If openly frustrated, try the real thing iPad
NEITHER Lleyton Hewitt nor Bernard Tomic was alive the last time an Australian won the Australian Open. Both players ended any hope an Australian would follow Mark Edmondson's 1976 Open victory against countryman John Newcombe at tomorrow's men's finals when they were knocked out earlier this week.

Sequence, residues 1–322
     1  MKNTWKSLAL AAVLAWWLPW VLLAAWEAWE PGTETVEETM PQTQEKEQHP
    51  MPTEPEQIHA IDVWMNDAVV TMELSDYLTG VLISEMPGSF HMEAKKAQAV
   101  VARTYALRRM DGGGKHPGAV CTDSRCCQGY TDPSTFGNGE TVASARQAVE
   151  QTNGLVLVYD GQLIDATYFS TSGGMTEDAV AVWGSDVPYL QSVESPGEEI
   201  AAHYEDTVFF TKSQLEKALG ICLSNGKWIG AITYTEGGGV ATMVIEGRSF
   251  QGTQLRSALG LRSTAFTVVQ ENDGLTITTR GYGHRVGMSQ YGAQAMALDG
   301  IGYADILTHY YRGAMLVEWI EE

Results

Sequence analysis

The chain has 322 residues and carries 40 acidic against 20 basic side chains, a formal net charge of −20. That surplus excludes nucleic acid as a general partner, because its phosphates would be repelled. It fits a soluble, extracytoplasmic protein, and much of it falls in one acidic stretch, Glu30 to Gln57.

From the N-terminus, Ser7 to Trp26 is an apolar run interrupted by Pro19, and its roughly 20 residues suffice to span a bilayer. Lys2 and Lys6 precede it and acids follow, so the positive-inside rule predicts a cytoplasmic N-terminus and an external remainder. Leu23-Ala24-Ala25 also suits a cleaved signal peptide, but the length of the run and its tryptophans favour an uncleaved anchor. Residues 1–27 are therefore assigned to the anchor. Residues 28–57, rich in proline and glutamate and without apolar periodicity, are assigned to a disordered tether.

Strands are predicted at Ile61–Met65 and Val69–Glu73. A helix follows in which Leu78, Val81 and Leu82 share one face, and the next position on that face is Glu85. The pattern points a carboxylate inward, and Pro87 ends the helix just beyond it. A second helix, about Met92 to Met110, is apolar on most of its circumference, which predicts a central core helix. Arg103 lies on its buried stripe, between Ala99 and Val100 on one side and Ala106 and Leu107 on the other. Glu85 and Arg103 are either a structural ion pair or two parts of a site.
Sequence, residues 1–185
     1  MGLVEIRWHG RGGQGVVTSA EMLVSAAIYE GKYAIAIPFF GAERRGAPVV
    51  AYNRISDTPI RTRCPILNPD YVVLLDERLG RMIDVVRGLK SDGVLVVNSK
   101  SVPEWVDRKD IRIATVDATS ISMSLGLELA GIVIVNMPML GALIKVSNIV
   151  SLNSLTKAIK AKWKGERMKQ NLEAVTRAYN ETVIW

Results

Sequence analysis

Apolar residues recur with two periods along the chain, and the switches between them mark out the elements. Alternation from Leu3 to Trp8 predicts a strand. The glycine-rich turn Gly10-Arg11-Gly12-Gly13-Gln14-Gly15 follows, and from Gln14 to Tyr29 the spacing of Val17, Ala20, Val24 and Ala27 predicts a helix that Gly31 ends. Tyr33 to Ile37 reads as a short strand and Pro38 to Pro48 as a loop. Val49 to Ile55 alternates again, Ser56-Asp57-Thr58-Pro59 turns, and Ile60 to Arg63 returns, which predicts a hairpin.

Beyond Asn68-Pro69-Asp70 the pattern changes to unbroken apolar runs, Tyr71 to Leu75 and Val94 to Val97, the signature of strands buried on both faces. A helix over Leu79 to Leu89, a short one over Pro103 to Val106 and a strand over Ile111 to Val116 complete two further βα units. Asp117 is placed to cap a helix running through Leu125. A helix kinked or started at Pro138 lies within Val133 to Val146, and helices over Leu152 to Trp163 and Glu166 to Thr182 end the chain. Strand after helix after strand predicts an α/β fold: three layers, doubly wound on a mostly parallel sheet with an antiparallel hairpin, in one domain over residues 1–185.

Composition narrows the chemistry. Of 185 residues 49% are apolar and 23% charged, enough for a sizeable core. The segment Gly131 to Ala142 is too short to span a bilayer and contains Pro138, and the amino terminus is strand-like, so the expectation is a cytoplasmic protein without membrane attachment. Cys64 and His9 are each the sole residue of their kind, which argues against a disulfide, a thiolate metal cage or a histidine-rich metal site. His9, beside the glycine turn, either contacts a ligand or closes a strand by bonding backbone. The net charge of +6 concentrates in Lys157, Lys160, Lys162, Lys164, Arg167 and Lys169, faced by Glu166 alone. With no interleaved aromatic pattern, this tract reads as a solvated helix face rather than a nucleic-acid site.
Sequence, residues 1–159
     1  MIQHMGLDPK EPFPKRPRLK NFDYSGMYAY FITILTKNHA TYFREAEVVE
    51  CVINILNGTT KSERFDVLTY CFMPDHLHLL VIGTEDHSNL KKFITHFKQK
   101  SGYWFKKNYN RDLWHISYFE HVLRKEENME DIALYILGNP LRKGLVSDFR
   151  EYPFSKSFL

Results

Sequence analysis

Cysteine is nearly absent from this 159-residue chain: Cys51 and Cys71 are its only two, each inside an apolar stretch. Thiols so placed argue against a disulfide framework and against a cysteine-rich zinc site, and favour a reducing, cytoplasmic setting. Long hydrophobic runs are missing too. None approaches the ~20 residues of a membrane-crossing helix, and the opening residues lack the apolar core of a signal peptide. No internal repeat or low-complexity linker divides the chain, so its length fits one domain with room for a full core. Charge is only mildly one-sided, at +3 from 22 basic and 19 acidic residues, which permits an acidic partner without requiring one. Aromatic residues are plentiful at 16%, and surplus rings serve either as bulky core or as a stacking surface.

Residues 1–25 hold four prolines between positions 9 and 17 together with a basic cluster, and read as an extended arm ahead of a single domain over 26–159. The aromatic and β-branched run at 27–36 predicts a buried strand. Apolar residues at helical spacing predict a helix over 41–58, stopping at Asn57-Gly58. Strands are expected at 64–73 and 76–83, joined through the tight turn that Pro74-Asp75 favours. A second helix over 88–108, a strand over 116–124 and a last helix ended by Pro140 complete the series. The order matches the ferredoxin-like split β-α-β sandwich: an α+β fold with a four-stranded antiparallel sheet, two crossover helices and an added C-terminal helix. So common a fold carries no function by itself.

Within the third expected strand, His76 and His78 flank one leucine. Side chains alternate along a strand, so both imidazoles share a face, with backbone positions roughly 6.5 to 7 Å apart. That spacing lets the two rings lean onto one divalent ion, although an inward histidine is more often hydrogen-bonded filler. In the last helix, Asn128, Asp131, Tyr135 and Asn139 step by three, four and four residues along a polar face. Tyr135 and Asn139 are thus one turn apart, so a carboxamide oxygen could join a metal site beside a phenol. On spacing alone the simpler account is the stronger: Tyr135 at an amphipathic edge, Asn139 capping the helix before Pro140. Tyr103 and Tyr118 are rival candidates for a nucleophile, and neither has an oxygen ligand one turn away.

NEITHER Lleyton Hewitt nor Bernard Tomic was alive the last time an Australian won the Australian Open. Both players ended any hope an Australian would follow Mark Edmondson's 1976 Open victory against countryman John Newcombe at tomorrow's men's finals when they were knocked out earlier this week.But disappointed fans can take heart. Where real tennis is concerned, Australians dominate.Tennis originated from real tennis a game first played by French clergymen in the Middle Ages with balls made from monks' robes. Today the sport a cross between squash, chess and tennis is played on 47 courts in Britain, the US, France and Australia, modelled on the monastery cloisters where they were first played.The sport has often been restricted to a select few. French King Louis IV tried to ban commoners from playing and it declined during the French Revolution. Later players included English kings Henry VIII and Charles I and II.The game's best players have been Australian for the past 25 years. Former tennis pro Tasmanian Rob Fahey who has won 11 real tennis Australian opens has been the world champion since 1994, when he beat fellow Aussie Wayne Davies."Rob is a really strong athletic guy, like a running footballer . . . He can catch balls on his racquet behind his head," the president of Australia's largest real tennis club the Royal Melbourne Tennis Club Owen Guest, said.The best real tennis players retain their titles until defeated at world championships, held every two years. Fahey has defended his title a record nine times.At 44, he is well past the typical retirement age of his tennis counterparts. But age can often be an advantage in real tennis, Mr Guest said. Older players are better at strategic thinking."An experienced person knows if it's going to end up [at the top] so they don't have to move very far. They can assess all that, they're not running around like they were hopping kangaroos," he said.But age has also dogged the low-profile sport, with the club's 600 members about 50 years old on average and about 80 per cent male. "There is a huge will at the club level to see the game grow [to include younger players and women] within more clubs in Melbourne," Mr Guest said.The club's youngest member, C. J. White, 21, appeared out of place amid his silver-haired contemporaries.A real tennis pro and former squash player, Mr White said: "It's not as single-dimensioned as squash, there's just so much more going on and it's a lot harder. It's totally different to any other sport I've ever played. I still play squash, but if you wanted to make one a profession, this is it."Like many professional players, he makes his living working at the club.The sport also suffers a logistical problem, with courts traditionally built with little room for spectators. Few courts in the world have glass walls, and despite the club's plans to build two new courts in the next eight years, progress has been slow.